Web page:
Last week, Google successfully fooled the Federal Trade Commission into believing that it has somehow benefitted consumers by promoting its own services over those of competitors. The FTC wrist slap was quite a reversal of the Microsoft antitrust ruling from a decade earlier in which the software giant’s bundling of IE in Windows was declared illegal. And although I won’t bore you with my opinions about Google’s competitive practices, I do think this decision has some ramifications for all of us going forward.

The FTC’s retreat couldn’t have come at a worse time for Microsoft. The firm recently shipped Windows 8, which it intended to bridge the gap between the PCs of the past and the devices of the future. But demand has been tepid at best. Internally, Microsoft blames PC makers for the slow start, and there’s some truth to that. But as the market researchers at NPD pointed out recently, the netbook and then a subsequent generation of super-low-cost PCs -- which I think artificially inflated Windows 7 sales and set unrealistic expectations for Windows 8 -- essentially killed the PC market from within, and just as tablets started taking off. (See also, "Google Drops ITC Patent-Infringement Claims Against Microsoft," January 9, 2013).

The result is that Microsoft’s core market -- Windows-based PCs -- is devalued. The average selling price of notebook PCs at retail is a woeful $420, and businesses and consumers alike are stretching out PC lifecycles ever longer. Meanwhile, mainstream, full-sized tablets -- those with roughly 10-inch screens -- have been stuck at $500 and up since the iPad first debuted almost three years ago. Undercutting them, finally, are a crop of reasonable alternatives. But they’re running Google’s Android OS, not Windows. Windows tablets start at $500 and go up from there.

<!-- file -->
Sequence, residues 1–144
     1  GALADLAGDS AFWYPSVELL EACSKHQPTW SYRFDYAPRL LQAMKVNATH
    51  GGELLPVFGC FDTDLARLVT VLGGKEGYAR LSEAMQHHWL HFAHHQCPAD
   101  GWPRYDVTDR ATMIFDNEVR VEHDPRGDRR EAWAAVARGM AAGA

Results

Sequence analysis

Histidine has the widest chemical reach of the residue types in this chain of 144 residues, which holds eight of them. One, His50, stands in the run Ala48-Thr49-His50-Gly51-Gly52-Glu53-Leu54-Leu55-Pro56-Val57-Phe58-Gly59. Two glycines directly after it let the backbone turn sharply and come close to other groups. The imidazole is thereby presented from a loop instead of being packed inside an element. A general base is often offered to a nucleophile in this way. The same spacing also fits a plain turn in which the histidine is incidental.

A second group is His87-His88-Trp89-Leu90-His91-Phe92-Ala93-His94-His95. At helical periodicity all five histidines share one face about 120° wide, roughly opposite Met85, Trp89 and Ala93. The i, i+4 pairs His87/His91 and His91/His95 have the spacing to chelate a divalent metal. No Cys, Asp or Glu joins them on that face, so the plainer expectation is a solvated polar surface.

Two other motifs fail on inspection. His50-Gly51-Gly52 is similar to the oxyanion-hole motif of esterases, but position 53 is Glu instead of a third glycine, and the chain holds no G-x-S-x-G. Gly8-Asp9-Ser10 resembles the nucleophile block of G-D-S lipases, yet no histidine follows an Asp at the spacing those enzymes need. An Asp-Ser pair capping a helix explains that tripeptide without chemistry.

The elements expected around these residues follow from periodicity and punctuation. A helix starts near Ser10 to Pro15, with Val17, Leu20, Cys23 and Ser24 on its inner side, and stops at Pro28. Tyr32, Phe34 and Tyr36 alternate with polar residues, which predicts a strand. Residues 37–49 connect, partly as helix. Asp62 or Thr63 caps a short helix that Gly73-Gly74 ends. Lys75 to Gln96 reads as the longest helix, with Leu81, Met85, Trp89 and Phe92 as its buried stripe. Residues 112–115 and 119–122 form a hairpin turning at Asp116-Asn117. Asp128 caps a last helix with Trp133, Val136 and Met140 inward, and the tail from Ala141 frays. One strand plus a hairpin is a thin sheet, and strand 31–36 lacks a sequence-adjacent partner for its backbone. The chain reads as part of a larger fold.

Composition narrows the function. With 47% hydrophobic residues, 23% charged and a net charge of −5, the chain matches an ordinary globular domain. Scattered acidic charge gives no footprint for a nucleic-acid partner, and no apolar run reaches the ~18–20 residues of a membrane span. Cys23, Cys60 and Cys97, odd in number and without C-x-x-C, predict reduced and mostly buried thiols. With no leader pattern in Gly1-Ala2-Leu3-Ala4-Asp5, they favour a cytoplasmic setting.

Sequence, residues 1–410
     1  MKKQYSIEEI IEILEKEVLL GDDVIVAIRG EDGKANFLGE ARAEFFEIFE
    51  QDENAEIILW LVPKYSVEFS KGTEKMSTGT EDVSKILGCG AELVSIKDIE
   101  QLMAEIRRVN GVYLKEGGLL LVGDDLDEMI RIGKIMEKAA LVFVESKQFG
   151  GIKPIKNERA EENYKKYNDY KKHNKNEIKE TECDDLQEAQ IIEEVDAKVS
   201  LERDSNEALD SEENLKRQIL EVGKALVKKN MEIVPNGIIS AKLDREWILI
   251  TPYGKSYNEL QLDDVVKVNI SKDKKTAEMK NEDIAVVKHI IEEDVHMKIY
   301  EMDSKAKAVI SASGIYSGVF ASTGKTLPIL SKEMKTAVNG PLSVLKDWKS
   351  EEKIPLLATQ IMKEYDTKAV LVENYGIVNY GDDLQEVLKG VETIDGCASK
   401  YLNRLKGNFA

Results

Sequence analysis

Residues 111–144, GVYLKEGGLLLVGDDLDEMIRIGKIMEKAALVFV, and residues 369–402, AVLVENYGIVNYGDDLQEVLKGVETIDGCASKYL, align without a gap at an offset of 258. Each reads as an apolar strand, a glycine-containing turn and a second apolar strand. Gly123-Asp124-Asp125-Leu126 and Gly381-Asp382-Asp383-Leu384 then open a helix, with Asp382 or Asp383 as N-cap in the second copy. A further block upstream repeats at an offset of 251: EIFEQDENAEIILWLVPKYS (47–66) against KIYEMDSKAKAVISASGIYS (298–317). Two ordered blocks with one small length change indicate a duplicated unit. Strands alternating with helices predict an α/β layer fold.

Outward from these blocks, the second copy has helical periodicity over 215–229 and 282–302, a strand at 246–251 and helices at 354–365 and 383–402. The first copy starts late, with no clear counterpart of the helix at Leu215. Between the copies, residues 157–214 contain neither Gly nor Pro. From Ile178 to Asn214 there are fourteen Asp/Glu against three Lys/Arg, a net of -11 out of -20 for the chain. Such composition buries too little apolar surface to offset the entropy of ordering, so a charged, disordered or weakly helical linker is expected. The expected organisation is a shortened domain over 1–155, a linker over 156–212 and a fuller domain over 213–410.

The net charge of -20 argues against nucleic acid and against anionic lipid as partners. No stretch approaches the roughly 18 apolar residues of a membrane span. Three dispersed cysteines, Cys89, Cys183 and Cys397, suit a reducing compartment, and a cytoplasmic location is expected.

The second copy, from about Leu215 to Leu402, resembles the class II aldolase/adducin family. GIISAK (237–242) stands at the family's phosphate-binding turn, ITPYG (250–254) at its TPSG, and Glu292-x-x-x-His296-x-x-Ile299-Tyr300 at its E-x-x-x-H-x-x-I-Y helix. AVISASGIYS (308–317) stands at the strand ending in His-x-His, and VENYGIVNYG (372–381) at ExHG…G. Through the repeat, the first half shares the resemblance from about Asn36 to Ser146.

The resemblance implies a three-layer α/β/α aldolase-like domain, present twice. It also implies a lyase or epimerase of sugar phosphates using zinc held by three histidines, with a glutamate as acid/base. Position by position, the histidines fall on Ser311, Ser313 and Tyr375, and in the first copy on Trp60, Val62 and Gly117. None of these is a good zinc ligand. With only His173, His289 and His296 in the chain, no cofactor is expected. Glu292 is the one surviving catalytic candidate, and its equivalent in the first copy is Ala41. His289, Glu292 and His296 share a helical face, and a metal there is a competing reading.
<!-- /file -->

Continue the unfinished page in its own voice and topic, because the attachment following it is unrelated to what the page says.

With Android taking Microsoft’s traditional place at the high-volume, low-price end of the tablet market, the firm is gaining control of what will eventually be the mainstream computing market. The switchover will take years, and hybrid Windows 8 PCs might see some success with the productive few who see the benefit of a single device that can do it all. But I’ve yet to see a prediction suggest that Microsoft will ever be anything more than third in a market that will have three main players: Apple (iPad), Google (Android), and Microsoft.

Unfettered by the FTC indecision, Google can now continue doing what Microsoft was prevented from doing in the wake of its own antitrust ruling: It can continue bundling its own products together, regardless of its market power, reach, or even monopoly. Heck, the FTC even found that Google benefitted consumers in some way by screwing over competition and pushing its own services artificially higher in search results. Imagine what the company can do with this strategy when applied to other aspects of its business, like Google Apps -- which ostensibly competes with Microsoft Office and Office 365 -- and Android.